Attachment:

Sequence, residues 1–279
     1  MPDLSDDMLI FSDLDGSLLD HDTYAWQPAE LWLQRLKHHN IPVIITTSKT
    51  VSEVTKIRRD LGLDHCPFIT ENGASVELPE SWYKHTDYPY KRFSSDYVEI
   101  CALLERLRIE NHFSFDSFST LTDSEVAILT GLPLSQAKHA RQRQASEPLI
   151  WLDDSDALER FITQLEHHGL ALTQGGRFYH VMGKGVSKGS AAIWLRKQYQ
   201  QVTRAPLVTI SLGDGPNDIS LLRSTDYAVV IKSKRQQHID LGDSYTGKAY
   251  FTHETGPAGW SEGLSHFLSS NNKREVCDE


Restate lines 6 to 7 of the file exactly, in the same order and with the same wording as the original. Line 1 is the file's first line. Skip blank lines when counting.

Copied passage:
   201  QVTRAPLVTI SLGDGPNDIS LLRSTDYAVV IKSKRQQHID LGDSYTGKAY
   251  FTHETGPAGW SEGLSHFLSS NNKREVCDE